Will Multitasking become a 21st Century Skill?

This week we are encouraged to think about the idea of multitasking and question how productive we are when we multi-task. The following video is a spoof on multitasking that encourages us to actually think about life while multitasking (if we can focus on this one task of watching a video that is).

My life as a mother, wife, teacher and grad student is about as ‘multi’ as it comes. I really cannot imagine what life would be like if I was to ‘single task’ as I would fear for everyone’s safety and health. I really don’t think I could step back and only focus on one task at a time. I truly can’t imagine what a ‘one tab’ life would look like and how it would feel like at this busy point in my life.

The reality for me is, I feel that multitasking is a skill that students need to learn how to manage. Although when looking at the question ““Is the Internet really a productivity tool or merely an endless series of distractions?,” I think we can agree that the answer to this question can swing in both directions. Yes, it can be a distraction and yes it can be a productivity tool based on how we are educated to use it. In her blog post this week Kelsey mentioned three things that I find so fitting for teaching students how to be productive when using the internet. She shared that students need to learn self-discipline, time management, and self-awareness in order to use online tools to their fullest potential. If we fail to teach these skill the internet will instead become a distraction rather than a tool.

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As presented last week in the presentations, we learned about the many productivity tools that the internet has to offer. When looking at many of these tools it is easy to see that they overlap in some area of another. It seems that if we were to use these tools to their fullest potential that we would have to multitask to some extent. It is important that students understand how all of these tools can work together to help them further their learning. In order to successfully use these tools, their full potential students will need to learn to multitask in order to move from one program to another.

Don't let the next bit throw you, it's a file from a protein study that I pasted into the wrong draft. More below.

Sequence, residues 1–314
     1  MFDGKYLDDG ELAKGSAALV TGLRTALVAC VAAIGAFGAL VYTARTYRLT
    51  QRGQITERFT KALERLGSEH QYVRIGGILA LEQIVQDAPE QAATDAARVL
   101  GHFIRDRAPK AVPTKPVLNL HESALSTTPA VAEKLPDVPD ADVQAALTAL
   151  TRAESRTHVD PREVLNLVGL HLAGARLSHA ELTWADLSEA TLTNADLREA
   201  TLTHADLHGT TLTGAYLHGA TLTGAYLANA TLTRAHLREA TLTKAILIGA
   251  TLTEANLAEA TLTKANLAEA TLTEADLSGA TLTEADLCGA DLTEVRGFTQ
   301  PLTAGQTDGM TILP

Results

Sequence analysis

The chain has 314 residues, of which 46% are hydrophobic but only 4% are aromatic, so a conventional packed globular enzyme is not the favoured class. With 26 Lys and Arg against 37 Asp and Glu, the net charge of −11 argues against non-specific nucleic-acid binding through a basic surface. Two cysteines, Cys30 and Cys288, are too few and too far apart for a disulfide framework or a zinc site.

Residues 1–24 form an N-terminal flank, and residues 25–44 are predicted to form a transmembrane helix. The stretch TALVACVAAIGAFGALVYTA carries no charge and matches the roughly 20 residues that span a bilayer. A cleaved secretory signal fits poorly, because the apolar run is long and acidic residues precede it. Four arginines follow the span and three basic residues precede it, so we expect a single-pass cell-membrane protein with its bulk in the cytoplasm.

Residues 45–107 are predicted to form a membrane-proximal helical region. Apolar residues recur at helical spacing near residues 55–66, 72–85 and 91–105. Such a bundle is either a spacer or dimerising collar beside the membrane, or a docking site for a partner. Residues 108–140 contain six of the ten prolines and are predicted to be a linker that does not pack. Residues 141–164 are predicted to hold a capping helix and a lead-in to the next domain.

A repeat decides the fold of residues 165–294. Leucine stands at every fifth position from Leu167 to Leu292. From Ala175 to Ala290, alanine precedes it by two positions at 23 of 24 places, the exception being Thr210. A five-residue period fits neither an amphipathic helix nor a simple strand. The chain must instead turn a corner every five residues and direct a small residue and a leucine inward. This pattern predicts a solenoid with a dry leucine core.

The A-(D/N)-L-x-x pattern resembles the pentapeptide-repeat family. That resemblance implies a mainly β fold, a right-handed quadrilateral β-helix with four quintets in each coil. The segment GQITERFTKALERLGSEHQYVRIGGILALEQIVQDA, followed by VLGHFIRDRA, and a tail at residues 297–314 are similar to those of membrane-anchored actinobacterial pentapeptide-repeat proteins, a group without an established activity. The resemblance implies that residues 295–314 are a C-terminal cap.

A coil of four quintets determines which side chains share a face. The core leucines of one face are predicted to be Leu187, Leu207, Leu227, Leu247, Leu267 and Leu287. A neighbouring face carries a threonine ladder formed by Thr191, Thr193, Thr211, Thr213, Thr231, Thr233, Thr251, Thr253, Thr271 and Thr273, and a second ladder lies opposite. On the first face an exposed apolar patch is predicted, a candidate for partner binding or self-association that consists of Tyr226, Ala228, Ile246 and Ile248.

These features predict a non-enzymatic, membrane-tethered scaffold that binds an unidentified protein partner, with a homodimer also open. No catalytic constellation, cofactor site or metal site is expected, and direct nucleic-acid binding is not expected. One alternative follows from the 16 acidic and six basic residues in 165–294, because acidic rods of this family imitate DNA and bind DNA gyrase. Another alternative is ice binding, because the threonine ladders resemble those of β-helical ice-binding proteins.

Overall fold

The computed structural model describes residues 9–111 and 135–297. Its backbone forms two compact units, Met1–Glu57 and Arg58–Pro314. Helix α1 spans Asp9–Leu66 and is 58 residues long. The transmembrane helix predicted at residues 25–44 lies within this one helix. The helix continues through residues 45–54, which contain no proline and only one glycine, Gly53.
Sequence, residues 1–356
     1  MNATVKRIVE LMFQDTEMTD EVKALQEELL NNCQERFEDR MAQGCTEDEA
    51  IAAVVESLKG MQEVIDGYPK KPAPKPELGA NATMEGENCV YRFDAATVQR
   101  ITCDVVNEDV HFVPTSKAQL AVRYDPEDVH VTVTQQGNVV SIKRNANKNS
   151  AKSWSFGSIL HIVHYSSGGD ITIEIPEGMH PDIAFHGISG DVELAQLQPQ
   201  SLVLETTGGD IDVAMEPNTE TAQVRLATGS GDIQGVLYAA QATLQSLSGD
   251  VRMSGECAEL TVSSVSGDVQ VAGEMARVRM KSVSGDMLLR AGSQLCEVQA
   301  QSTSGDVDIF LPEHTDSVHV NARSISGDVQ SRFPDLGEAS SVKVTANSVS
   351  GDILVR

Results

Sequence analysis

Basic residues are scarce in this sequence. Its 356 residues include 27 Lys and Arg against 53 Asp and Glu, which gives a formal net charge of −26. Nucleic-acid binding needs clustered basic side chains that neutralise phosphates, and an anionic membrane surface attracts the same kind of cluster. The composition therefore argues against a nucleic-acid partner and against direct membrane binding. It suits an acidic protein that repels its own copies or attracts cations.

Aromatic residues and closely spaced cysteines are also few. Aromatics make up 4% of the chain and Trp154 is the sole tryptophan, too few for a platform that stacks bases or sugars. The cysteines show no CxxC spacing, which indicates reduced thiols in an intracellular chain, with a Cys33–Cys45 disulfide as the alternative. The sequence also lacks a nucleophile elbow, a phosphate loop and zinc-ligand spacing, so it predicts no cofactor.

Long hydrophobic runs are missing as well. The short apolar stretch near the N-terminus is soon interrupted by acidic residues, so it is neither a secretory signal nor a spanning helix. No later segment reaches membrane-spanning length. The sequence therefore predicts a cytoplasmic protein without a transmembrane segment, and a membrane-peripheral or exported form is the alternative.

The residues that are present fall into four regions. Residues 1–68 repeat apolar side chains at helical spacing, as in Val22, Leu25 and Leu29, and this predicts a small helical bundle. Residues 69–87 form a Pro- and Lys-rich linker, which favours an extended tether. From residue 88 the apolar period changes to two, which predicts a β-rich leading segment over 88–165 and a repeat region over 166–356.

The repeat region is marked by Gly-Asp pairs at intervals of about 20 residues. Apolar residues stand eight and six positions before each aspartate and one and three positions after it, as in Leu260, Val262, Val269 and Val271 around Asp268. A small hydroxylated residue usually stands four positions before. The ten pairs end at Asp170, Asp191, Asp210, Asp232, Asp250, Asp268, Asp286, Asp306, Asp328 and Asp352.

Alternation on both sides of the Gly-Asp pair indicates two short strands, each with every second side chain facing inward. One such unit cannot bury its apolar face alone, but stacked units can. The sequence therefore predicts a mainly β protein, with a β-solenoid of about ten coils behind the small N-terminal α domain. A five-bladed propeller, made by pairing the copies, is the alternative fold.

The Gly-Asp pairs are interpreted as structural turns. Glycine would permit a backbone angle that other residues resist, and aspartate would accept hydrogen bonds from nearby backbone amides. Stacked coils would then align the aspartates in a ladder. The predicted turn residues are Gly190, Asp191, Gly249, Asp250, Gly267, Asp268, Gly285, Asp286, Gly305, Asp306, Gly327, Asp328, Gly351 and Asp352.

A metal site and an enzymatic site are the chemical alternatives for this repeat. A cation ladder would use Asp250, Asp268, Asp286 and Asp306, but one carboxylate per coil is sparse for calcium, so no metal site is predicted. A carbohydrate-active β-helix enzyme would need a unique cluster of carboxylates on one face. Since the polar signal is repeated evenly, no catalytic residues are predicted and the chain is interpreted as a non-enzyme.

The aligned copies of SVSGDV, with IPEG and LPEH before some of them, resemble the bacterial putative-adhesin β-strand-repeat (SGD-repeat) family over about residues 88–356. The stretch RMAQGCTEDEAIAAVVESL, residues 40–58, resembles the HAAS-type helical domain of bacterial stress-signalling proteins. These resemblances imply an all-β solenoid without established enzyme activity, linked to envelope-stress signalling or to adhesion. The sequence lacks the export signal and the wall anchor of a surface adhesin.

I wholeheartedly agree with Kyla this week when she shares that it all comes down to finding a balance. She shares, “We cannot over-rely on the internet but we also shouldn’t underutilize it”. I couldn’t agree more. We need to teach students to find a balance that allows them to utilize the internet to its full potential but where it is not overwhelming them and causing a distraction. It is our job as teachers to prepare our students for their future by helping them to build the skills they will need to be productive members of society. Having the ability to multi-task without being distracted I feel is no doubt a skill that students will need to work on and build in school.

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Teaching students how to multitask is a skill that will help with their digital skills. In the article “Can Kids Multitask” it is evident that our kids are growing up in a multitasking generation. They share that in order for students to be wired for the web they need to have multitasking skills. When kids are on the web they are bombarded with many messages, information, and data that they will have to learn to sift through at a quick pace. Multitasking allows students to quickly surf websites scanning and sorting information deciding if this website is worth reading fully or if they should move on to another. The article states, “our brains get better and better at synthesizing and evaluating information at lightning speeds. This is an important skill in the digital age and is useful a lot of the time.”

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I feel that multitasking is a skill that is useful for students. I feel that the reality of focusing on a single task at a time is no longer a sustainable reality. In order for students to be successful in our ever-changing fast-paced world, they will, in fact, need to learn how to use the internet as a productivity tool while avoiding the multiple distractions online. Focusing on teaching and building self-discipline, time management, self-awareness, and balance will help students navigate this world successfully. As teachers, we have a responsibility to help students build these skills so they can be successful with completing tasks that they will likely need in order to be successful in the future. Will multitasking make the list of 21st-century skills? I feel that in the future this word could hit the list of those key skills.






About cdegelman

Grade 3/4 teacher at Douglas Park School in Regina, Saskatchewan
This entry was posted in EC&I 833. Bookmark the permalink.

1 Response to Will Multitasking become a 21st Century Skill?

  1. Great post. Thanks for sharing the article “Can Kids Multitask?” I found it especially interesting to read about the results of the performed study. The group of students who were not allowed access to the internet during the lecture performed better on the comprehension assessment then the group of students who were allowed access. I suppose the group of students who were allowed access to the internet did not have the self-discipline skills that we are suggesting the next generation of technology users should have. It would be interesting to make a concrete list of skills and practices that we need to be teaching students when considering tech usage and productivity.


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